The Foundation fights pediatric brain tumors

Six-year-old Isaac Clayman is very familiar with the children’s book “Will Jax Be Home for Thanksgiving?” not just because his mother Samarrah Clayman wrote the story, but because Isaac lived the real thing. “I wrote it a lot for my eldest daughter,” Samarrah Clayman said. hospitalization, and our whole life, our family life, really changed.” Samarrah said that just before Isaac’s second birthday, an MRI revealed that he had a brain tumor. Samarrah and her husband Jeffrey, a cardiologist, had noticed a sudden change in their son. “We were playing in the park,” Samarrah said. “He was running around, and we were there for about half an hour, he just kept tripping. “What was really disturbing was that he kind of lost his stability when he was turning,” Jeffrey said. “He also had abnormal eye movements, which kind of bothered me.” Isaac had a marathon operation followed by a month and a half of radiation therapy. “Five days a week, for six weeks,” Samarrah said. “It took like, I would say a year before we felt like it come back to the boy we had known. In 2018, the Claymans started a foundation to help find treatments for ependymoma, Isaac’s diagnosis. action for ependymoma. The Claymans said not all children can benefit as fully as Isaac from these treatments. Their Ependymoma Research Foundation funds the research. it’s a viable project,” Jeffrey said. The profits from “Will Jax Be Home for Thanksgiving? which brings together local charities, is an important fundraiser for them and a great community building event. Find more information about the race here.

Six-year-old Isaac Clayman is very familiar with the children’s book, “Will Jax be home for Thanksgiving?” not just because his mother Samarrah Clayman wrote the story, but because Isaac lived the real thing.

“I wrote it a lot for my eldest daughter,” Samarrah Clayman said. “She was four when he (Isaac) went through that hospitalization, and our whole life, our family life, was really turned upside down.”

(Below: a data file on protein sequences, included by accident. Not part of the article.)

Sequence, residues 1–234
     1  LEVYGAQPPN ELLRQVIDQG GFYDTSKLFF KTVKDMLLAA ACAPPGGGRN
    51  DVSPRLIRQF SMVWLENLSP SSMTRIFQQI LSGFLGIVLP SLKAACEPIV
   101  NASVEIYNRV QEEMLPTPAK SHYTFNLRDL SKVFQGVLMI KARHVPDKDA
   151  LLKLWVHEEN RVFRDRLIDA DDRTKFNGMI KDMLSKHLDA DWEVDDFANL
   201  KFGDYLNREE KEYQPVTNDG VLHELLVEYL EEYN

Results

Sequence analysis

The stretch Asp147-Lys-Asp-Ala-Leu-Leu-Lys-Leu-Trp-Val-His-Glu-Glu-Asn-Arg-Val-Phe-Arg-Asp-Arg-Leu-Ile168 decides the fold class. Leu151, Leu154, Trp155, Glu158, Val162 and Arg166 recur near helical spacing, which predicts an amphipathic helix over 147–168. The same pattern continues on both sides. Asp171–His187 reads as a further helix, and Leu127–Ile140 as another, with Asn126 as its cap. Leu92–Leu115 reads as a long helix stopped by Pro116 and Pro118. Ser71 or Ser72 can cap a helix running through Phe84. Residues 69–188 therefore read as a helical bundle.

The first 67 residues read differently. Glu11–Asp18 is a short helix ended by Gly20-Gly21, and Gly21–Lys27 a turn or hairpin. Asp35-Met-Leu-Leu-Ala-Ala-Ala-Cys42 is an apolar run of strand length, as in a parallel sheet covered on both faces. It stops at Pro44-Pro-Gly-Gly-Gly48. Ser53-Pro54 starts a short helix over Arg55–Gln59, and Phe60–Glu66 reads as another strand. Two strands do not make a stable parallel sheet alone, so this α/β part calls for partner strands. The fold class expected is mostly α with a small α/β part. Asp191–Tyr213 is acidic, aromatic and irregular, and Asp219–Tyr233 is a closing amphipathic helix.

Samarrah said that just before Isaac’s second birthday, an MRI revealed he had a brain tumor. Samarrah and her husband Jeffrey, a cardiologist, had noticed a sudden change in their son.

“We were playing in the park,” Samarrah said. “He was running around, and we stood there for about half an hour, he kept tripping.”

“What was really disturbing was that it kind of lost its stability when it was turning,” Jeffrey said. “He also had abnormal eye movements, which kind of bothered me.”

Isaac underwent a marathon operation followed by a month and a half of radiotherapy.

“Five days a week, for six weeks,” Samarrah said. “It took, I would say, a year before we felt like he was coming back to the boy we had known.”

In 2018, the Claymans started a foundation to help find treatments for ependymoma, Isaac’s diagnosis.

Currently, surgery and radiation therapy are the only courses of action for ependymoma. The Claymans said not all children can benefit as fully as Isaac from these treatments.

Their Ependymoma Research Foundation funds research.

“I review a lot of research and try to select projects that I think could actually turn into something viable,” Jeffrey said.

Product from “Will Jax be home for Thanksgiving?” support the foundation.

Right now, the Claymans are recruiting runners to participate in the GenesisHR Battlegreen Run in Lexington in November.

They said the run, which brings together local charities, is an important fundraiser for them and a great community-building event.

Find more information about the race here.

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